HBB:

Hemoglobin subunit beta

MCV:

Mean corpuscular volume

MCH:

Mean cell hemoglobin

ARMS-PCR:

Amplification refractory mutation system-polymerase chain reaction

MLPA:

Multiplex ligation-dependent probe amplification

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Acknowledgements

We thank all the people at the Medical Genetics Laboratory, Kermanshah University of Medical Sciences, Kermanshah, Iran, for their great kindness and collaboration.

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RA and KM had the idea of the topic. KM, SS, and AA collected the data in the documents. KM reviewed the data and drafted the manuscript. RA supervised the study process and critically reviewed the manuscript. All authors have read and approved the final manuscript.

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Correspondence to Reza Alibakhshi.

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This study was approved by the Ethics Committee of Kermanshah University of Medical Sciences, Kermanshah, Iran (Ethics code: IR.KUMS.REC.1398.731, project number: 980659).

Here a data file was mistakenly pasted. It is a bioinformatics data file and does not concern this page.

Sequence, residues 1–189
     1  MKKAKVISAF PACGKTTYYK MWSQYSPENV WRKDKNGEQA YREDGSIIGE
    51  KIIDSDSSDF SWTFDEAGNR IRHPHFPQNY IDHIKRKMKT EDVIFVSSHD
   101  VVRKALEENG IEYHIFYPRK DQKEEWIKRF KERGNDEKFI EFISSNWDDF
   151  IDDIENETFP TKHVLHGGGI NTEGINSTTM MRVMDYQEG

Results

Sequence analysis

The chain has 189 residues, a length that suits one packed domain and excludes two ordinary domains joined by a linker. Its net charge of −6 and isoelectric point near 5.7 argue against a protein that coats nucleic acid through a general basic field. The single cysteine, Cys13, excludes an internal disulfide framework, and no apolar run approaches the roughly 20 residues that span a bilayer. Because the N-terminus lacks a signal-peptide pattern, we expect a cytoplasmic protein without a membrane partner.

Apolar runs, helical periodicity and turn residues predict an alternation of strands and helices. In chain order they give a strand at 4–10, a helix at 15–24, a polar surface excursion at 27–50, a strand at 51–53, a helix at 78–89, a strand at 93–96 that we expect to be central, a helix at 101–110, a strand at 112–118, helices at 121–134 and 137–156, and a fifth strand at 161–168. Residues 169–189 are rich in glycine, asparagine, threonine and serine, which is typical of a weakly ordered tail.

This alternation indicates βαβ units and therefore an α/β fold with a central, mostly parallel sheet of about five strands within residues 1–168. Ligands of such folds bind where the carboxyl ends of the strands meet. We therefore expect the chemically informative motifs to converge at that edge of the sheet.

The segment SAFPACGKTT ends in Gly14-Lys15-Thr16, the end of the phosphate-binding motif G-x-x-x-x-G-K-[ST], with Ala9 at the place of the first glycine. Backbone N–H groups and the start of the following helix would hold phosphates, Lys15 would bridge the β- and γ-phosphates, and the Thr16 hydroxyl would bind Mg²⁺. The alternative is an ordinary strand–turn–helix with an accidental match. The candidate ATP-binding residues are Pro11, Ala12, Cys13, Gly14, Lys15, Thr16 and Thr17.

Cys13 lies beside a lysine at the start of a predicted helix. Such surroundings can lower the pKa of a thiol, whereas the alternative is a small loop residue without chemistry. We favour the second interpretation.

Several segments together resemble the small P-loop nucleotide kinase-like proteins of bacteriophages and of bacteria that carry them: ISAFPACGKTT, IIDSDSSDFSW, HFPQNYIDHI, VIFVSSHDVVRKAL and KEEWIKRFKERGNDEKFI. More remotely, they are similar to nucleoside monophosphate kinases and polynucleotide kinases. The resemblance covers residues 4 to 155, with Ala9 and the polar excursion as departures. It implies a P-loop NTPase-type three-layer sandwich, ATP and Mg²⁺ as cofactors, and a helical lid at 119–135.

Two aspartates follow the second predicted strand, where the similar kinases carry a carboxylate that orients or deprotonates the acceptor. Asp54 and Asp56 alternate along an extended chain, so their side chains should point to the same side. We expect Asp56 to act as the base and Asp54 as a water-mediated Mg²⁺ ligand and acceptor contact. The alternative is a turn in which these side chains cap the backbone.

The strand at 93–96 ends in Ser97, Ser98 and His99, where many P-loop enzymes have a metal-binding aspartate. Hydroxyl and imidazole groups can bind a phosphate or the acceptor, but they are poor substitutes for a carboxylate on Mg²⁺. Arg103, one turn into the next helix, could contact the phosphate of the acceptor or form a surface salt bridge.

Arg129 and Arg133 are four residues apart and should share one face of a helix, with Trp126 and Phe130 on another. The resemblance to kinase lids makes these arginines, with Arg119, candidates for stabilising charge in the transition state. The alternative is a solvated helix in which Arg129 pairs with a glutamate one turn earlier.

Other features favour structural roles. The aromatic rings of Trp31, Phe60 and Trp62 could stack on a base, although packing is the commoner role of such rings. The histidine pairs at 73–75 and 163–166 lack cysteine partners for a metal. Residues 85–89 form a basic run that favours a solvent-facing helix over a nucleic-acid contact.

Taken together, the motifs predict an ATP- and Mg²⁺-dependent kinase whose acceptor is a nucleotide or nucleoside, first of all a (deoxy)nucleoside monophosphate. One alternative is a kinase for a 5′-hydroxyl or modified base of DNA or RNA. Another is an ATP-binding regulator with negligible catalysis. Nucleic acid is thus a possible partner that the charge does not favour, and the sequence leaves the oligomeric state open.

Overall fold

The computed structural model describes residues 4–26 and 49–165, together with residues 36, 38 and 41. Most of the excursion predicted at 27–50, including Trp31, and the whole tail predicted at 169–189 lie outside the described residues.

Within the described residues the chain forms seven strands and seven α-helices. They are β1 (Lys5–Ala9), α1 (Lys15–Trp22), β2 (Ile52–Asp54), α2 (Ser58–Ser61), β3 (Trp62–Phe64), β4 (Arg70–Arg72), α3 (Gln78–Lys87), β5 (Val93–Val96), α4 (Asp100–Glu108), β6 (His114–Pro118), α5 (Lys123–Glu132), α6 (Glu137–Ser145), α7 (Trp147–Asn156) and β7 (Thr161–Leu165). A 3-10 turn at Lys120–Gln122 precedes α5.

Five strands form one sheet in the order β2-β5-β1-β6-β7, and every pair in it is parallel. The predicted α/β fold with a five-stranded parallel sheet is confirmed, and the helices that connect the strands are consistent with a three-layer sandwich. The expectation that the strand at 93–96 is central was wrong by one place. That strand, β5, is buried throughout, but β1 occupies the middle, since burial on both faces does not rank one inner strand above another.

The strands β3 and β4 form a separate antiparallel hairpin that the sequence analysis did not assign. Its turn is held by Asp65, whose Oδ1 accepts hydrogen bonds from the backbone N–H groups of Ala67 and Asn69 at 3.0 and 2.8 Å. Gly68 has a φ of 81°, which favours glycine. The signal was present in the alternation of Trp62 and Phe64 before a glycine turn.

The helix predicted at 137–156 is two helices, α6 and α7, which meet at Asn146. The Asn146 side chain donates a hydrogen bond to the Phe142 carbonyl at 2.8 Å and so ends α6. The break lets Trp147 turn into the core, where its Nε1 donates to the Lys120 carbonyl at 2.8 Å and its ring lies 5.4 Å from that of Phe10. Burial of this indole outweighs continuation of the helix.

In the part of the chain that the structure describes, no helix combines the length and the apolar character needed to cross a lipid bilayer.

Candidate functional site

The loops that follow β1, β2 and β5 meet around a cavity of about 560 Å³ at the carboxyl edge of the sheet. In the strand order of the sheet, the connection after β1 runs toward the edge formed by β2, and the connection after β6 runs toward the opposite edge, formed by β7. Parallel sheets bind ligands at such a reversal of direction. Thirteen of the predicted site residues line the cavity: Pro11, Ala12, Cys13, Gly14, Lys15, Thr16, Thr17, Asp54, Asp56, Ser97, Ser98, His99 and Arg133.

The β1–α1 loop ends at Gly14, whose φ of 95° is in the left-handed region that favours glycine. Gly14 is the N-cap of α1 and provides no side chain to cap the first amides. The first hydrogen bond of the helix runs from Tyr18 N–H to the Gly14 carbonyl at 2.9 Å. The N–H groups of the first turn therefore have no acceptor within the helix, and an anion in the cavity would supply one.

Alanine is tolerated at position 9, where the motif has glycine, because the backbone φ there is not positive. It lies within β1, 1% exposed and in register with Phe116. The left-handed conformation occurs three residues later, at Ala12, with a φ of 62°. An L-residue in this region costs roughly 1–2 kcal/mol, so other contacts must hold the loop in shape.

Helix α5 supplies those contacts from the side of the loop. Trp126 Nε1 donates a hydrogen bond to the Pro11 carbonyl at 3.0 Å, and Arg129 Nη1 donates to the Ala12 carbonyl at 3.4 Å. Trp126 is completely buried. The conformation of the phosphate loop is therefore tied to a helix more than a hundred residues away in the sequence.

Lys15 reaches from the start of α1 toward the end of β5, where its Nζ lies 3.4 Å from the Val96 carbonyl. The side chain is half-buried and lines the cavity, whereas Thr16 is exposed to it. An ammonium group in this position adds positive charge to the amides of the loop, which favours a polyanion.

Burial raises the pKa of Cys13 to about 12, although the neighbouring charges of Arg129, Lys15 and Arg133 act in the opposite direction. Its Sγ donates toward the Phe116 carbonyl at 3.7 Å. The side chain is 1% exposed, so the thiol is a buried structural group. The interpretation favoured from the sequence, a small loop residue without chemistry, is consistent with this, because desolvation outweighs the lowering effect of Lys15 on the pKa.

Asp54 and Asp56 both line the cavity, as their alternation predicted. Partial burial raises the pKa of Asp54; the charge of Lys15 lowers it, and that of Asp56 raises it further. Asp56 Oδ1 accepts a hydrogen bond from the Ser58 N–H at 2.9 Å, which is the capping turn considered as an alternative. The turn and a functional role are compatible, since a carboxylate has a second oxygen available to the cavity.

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Moradi, K., Alibakhshi, R., Shafieenia, S. et al. Problem of borderline hemoglobin A2 levels in an Iranian population with a high prevalence of α- and β-thalassemia carriers. Egypt J Med Hum Genet 23, 61 (2022). https://doi.org/10.1186/s43042-022-00279-9

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  • DOI: https://doi.org/10.1186/s43042-022-00279-9

Keywords

  • Thalassemia
  • Carrier screening
  • Hb A2 borderline
  • Iran